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Travel bosses blast 'too cautious' Government tourism plans ahead of traffic light system
6 May 2021, 12:31
Key executives in the UK travel industry have criticised the Government over plans to make tourists take Covid tests even when they are fully vaccinated.
The chief executives of BA, Heathrow Airport, easyJet, Manchester Airport Group and Jet2 have attacked the Government for an "overabundance of caution".
In a joint article in The Daily Telegraph, they said forcing holidaymakers to pay £60 per person for a PCR test upon returning from a country listed as "green", or safer than others in a new traffic light system, would jeopardise travel plans.
"Instead of taking advantage of the success of the vaccine programme the Government risks closing the UK off from the rest of the world," they wrote.
"We want to be able to support a safe reopening, but if we are not prepared to accept any risk then travel will never restart and we will not be able to support UK travel and tourism businesses and supercharge the UK's economic recovery."
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The group added: "Travel, even from green countries, will still require arrivals into the UK to take a 'gold-standard' PCR test which, until recently, were costing more than double the European average at over £100 each."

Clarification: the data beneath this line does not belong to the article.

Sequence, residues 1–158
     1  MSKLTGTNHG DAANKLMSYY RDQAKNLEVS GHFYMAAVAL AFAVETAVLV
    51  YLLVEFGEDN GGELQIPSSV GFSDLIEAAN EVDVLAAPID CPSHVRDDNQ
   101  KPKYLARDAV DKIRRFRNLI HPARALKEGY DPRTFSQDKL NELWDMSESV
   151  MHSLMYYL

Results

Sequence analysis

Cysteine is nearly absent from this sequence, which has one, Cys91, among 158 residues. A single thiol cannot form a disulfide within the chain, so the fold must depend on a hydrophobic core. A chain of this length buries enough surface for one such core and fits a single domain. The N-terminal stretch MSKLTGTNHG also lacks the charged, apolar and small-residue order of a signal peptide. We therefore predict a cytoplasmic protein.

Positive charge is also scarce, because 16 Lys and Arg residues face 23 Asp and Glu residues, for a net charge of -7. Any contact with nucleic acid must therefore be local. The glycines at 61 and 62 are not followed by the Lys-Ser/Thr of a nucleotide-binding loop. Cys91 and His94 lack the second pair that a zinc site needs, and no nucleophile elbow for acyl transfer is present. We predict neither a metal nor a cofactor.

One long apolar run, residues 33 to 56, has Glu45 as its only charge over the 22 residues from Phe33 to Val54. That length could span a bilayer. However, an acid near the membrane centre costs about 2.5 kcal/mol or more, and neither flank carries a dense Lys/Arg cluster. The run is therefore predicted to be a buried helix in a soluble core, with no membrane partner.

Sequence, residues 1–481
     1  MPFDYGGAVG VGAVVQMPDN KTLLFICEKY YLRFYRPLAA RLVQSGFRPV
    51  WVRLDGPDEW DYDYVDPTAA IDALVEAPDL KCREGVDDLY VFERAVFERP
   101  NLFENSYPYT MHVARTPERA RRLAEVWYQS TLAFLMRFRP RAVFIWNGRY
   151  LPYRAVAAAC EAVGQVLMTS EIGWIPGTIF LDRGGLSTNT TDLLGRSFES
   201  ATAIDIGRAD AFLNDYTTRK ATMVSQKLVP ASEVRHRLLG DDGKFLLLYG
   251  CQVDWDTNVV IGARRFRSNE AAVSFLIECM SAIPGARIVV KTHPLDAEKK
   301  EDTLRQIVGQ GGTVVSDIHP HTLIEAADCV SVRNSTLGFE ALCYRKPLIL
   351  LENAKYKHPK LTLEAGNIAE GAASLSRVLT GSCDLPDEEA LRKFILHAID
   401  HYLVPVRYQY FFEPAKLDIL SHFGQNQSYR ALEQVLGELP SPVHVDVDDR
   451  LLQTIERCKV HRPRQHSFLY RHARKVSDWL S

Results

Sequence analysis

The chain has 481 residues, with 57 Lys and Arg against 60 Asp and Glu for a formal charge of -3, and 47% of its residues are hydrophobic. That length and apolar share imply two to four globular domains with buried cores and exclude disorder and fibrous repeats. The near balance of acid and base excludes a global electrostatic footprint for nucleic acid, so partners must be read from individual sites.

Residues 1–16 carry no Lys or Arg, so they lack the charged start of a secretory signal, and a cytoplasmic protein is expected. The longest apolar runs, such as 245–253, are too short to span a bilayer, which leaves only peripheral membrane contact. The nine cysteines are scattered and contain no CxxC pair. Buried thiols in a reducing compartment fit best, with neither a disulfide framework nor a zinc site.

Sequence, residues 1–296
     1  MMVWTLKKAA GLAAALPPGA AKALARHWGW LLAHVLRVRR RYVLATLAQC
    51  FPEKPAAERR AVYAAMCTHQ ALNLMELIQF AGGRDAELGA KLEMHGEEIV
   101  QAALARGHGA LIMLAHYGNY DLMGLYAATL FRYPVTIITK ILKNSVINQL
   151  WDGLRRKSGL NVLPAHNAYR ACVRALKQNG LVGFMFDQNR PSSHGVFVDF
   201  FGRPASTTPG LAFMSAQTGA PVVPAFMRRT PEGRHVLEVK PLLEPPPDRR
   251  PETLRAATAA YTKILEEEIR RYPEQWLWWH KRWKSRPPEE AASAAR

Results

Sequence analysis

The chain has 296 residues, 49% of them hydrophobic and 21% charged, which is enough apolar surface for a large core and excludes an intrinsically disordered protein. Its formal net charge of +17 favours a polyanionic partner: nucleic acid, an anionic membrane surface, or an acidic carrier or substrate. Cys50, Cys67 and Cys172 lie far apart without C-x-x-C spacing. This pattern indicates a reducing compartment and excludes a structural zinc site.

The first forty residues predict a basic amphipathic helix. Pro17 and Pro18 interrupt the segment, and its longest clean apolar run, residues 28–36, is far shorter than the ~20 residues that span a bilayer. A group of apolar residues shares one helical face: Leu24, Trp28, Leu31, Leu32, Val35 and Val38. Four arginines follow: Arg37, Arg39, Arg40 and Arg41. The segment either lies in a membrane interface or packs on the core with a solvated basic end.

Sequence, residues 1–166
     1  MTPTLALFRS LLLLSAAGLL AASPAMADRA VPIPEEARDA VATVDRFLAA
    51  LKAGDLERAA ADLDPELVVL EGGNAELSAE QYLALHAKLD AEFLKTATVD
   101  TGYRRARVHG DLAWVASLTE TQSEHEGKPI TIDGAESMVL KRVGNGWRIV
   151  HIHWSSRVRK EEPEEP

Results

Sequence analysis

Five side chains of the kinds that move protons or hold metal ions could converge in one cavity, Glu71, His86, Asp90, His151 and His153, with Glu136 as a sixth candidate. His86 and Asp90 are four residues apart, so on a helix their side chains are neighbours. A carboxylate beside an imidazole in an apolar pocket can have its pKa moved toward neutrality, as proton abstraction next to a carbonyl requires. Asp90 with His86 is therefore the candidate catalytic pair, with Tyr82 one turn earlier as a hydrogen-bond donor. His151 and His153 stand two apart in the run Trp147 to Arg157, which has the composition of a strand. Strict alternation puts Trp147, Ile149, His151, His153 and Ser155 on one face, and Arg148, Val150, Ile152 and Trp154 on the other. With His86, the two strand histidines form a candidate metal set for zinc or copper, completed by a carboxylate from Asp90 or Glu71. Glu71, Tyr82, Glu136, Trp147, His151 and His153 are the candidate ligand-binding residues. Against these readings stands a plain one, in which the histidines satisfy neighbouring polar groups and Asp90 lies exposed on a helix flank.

They said the plans do not match the EU's ideas for travel, as the bloc looks to make travel easier.
Ministers are due to decide on Thursday which countries will be "green" under a traffic light system, with Gibraltar, Malta, Israel, Iceland and potentially Portugal set to be included.
Amber countries, which could include most of Europe, will require visitors to self isolate for 10 days on return and take two PCR tests.
Ministers hope most of Europe will be in the green list by the end of June.
Boris Johnson said this week he wanted to avoid opening the UK up to an "influx of disease" and that the planned reopening on May 17 must ensure the Government "make(s) sure that we don't see the virus coming back in".
Labour leader Sir Keir Starmer has promoted a "careful" approach.